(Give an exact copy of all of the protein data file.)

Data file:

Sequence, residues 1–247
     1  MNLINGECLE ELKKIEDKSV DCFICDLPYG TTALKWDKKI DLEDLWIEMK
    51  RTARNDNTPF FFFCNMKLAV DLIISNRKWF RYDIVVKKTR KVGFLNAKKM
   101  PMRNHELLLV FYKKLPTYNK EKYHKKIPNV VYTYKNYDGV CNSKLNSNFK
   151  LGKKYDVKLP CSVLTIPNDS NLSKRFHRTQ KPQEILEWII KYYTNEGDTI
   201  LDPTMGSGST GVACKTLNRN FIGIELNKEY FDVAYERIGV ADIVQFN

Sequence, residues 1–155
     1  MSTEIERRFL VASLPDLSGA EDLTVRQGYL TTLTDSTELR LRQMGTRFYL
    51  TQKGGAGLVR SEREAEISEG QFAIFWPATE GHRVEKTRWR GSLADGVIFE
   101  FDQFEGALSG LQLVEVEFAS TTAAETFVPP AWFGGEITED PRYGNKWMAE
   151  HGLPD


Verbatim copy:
Sequence, residues 1–247
     1  MNLINGECLE ELKKIEDKSV DCFICDLPYG TTALKWDKKI DLEDLWIEMK
    51  RTARNDNTPF FFFCNMKLAV DLIISNRKWF RYDIVVKKTR KVGFLNAKKM
   101  PMRNHELLLV FYKKLPTYNK EKYHKKIPNV VYTYKNYDGV CNSKLNSNFK
   151  LGKKYDVKLP CSVLTIPNDS NLSKRFHRTQ KPQEILEWII KYYTNEGDTI
   201  LDPTMGSGST GVACKTLNRN FIGIELNKEY FDVAYERIGV ADIVQFN

Sequence, residues 1–155
     1  MSTEIERRFL VASLPDLSGA EDLTVRQGYL TTLTDSTELR LRQMGTRFYL
    51  TQKGGAGLVR SEREAEISEG QFAIFWPATE GHRVEKTRWR GSLADGVIFE
   101  FDQFEGALSG LQLVEVEFAS TTAAETFVPP AWFGGEITED PRYGNKWMAE
   151  HGLPD